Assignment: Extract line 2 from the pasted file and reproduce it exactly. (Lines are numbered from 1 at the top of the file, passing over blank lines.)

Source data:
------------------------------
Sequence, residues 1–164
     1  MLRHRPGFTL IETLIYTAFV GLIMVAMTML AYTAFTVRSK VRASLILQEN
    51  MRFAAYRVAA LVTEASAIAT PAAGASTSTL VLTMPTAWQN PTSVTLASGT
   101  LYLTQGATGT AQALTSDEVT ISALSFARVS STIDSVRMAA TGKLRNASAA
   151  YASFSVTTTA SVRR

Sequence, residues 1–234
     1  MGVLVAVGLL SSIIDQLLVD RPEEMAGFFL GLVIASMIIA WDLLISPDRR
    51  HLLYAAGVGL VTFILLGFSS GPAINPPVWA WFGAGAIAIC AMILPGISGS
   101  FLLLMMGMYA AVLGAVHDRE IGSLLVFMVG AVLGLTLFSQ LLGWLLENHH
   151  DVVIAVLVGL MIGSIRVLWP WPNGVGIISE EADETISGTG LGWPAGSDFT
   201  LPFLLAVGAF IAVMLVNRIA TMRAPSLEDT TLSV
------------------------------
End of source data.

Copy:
     1  MLRHRPGFTL IETLIYTAFV GLIMVAMTML AYTAFTVRSK VRASLILQEN